Induction Cooking and Canning

Of all the options when cooking outdoors, and portable induction burners are among the most efficient. Learn more at TwiceasTasty.com.
Our Montana heatwave rolls on, so I’m moving as may food projects as I can out of the hot kitchen to a shady, breezy space. Fortunately, there are plenty of options when cooking outdoors. As I blogged about all last month, a grill is my favorite summertime tool. It adds another layer of flavor whether I’m cooking a meal, preparing food for the freezer and midwinter use, or firing off rounds of vegetables to stockpile for canning.

But the grill is just one of my outdoor cooking tools. Aboard The Blue Mule, we carry a grill, a two-burner camp stove, and a Jetboil backpacking stove, covering every cooking need while on the water. At home, large canning sessions happen outdoors on a heavy-duty, two-burner cooker. The most recent addition to my cooking arsenal has been a portable electric burner. As long as I have access to a flat surface and an electrical outlet, I can set up this burner for Twice as Tasty live events, workshops, or anywhere else I want to go.

Off the blog, I’ve been researching the best portable burners for The Spruce Eats. My latest lineup has been focused on induction models.
Read more about induction cooking

Flavorful Reductions

Cooking a quick sauce or glaze in the same pan as your main ingredient soaks up concentrated flavor. Learn more at TwiceasTasty.com.
As I wrap up my month of cookware testing, I’ve been stretching the limits of nonstick pans by using some of my favorite flavor-building techniques: browning, reducing, and glazing. Stainless steel and cast iron are the more typical materials for these techniques, because some of the point is to suck up the caramelized bits that stick to the pan—those bits that nonstick surfaces are designed to eliminate. But there’s a difference between burned-on food and fond, the caramelized particles left after browning. Even a good nonstick pan generates some of these intensely flavored bits.

It made sense to me to test these techniques in nonstick pans, since I never create them using the standard base ingredient: browned meat. By cooking a quick sauce or glaze in the same pan as your main ingredient, you can soak up that concentrated flavor—whether you started with meat, shrimp, mushrooms, or root vegetables. It really is all about the flavor.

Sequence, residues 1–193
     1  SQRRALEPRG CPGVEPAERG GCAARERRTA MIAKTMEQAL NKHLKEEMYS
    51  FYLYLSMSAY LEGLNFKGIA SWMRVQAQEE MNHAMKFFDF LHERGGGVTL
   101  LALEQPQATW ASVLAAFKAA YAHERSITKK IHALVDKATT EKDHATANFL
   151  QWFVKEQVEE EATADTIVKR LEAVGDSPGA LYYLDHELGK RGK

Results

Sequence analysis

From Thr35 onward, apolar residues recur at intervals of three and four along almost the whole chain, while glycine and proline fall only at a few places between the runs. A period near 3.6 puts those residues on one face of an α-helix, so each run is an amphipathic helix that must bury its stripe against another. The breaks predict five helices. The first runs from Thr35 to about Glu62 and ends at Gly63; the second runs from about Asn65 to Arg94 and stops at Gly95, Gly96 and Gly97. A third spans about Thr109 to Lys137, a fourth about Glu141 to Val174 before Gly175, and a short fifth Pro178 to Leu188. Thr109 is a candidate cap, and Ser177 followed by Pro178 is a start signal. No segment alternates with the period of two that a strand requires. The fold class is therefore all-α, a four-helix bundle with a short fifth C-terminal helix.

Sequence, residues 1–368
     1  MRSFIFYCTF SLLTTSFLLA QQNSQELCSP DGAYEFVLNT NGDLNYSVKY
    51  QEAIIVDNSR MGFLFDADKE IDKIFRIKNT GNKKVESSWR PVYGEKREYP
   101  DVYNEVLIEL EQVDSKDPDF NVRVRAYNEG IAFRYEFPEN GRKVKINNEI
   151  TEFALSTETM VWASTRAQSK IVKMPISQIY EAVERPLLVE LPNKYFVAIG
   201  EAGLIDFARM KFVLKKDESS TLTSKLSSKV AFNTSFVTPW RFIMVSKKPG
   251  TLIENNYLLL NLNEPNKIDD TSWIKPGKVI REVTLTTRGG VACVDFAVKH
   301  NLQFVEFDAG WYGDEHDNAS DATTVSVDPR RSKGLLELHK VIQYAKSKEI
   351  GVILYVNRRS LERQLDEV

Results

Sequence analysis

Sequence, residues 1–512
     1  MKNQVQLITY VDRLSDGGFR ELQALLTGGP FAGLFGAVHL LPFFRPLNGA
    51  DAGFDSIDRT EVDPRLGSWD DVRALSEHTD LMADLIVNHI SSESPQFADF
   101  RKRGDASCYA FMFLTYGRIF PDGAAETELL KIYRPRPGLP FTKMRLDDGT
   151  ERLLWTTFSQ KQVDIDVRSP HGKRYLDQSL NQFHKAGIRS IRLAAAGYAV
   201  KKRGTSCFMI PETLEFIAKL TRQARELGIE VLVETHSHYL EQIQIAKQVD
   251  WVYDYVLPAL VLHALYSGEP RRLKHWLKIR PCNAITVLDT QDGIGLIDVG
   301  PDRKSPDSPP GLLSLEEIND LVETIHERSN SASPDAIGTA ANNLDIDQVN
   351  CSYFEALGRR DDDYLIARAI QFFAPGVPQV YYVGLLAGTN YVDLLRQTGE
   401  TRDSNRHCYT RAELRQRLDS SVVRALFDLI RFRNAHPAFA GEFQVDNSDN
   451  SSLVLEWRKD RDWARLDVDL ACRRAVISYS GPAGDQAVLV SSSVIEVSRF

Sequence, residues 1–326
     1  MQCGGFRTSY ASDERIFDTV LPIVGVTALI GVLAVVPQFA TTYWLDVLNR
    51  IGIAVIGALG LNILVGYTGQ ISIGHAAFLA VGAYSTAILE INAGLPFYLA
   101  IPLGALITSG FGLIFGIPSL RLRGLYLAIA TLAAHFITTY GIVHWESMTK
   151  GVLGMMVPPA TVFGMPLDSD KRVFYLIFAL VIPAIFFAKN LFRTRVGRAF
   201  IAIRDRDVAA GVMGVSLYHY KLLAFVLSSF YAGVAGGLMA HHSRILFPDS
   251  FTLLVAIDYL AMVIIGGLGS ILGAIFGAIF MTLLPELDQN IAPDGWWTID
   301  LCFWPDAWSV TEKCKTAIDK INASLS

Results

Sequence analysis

Learn to make flavorful reductions and Mushroom Pan Sauce

Cooking Grains

Most grains want a fun, flavorful addition, whether it’s stirred in or piled on top. Learn more at TwiceasTasty.com.
Eggs may be the ideal test food for skillets, but grains put saucepans through their paces. Starchy foods like rice, oats, pearly barley, and pasta always tend to get sticky, but everything from type of pot to temperature to water-to-grain ratio can also make them stick or even burn onto the cooking pot. This can leave you not just with a gummy meal but also with a gummy mess to clean up.

So as I’m testing cookware this month, I’m cooking lots of grains. All of them want a fun, flavorful addition, whether it’s stirred in or piled on top, like this week’s new recipe.
Learn about cooking grains and Curried Sweet Potato and Mango

Cooking Eggs

To put it simply: Testing cookware by cooking eggs is fun. Get cooked egg recipes at TwiceasTasty.com.
I have to admit that I’m one of those people who holds onto cookware way too long. After pots are scratched, warped, and showing their age by letting even the simplest foods adhere to their surface, I continue to use them. Replacing cookware, especially a high-quality set, is expensive. So I’ve been excited to set out on a quest for the perfect cookware.

Eggs in many forms are ideal test recipes. They can be delicate yet prone to burning or sticking. They cook quickly, so they’re speedy, easy meals. This time of year, the chickens are laying prolifically. Most egg dishes don’t require a recipe, and many styles can be created just by cracking a fresh egg into a hot pan. But some call for a bit of technique, including endless variations on omelets.
Learn to make A Three-Egg Omelet and other cooked eggs